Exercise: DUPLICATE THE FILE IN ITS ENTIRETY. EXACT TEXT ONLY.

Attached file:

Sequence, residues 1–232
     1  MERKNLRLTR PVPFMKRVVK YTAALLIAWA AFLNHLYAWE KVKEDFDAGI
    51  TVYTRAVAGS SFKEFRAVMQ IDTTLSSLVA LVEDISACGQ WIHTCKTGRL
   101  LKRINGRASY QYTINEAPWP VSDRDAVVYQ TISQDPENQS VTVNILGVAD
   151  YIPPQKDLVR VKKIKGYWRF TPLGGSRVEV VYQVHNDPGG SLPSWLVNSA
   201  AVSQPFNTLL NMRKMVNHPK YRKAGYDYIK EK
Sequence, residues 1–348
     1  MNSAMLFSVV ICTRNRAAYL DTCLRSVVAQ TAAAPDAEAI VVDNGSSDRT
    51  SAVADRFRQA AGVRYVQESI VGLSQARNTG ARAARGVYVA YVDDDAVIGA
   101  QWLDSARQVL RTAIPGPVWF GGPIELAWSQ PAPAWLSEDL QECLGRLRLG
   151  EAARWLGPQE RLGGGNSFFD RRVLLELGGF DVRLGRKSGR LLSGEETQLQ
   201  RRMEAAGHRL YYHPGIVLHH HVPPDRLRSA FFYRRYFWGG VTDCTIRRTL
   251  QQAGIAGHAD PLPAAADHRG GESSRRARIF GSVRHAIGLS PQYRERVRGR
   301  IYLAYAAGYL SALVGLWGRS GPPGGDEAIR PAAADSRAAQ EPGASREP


Sequence, residues 1–232
     1  MERKNLRLTR PVPFMKRVVK YTAALLIAWA AFLNHLYAWE KVKEDFDAGI
    51  TVYTRAVAGS SFKEFRAVMQ IDTTLSSLVA LVEDISACGQ WIHTCKTGRL
   101  LKRINGRASY QYTINEAPWP VSDRDAVVYQ TISQDPENQS VTVNILGVAD
   151  YIPPQKDLVR VKKIKGYWRF TPLGGSRVEV VYQVHNDPGG SLPSWLVNSA
   201  AVSQPFNTLL NMRKMVNHPK YRKAGYDYIK EK
Sequence, residues 1–348
     1  MNSAMLFSVV ICTRNRAAYL DTCLRSVVAQ TAAAPDAEAI VVDNGSSDRT
    51  SAVADRFRQA AGVRYVQESI VGLSQARNTG ARAARGVYVA YVDDDAVIGA
   101  QWLDSARQVL RTAIPGPVWF GGPIELAWSQ PAPAWLSEDL QECLGRLRLG
   151  EAARWLGPQE RLGGGNSFFD RRVLLELGGF DVRLGRKSGR LLSGEETQLQ
   201  RRMEAAGHRL YYHPGIVLHH HVPPDRLRSA FFYRRYFWGG VTDCTIRRTL
   251  QQAGIAGHAD PLPAAADHRG GESSRRARIF GSVRHAIGLS PQYRERVRGR
   301  IYLAYAAGYL SALVGLWGRS GPPGGDEAIR PAAADSRAAQ EPGASREP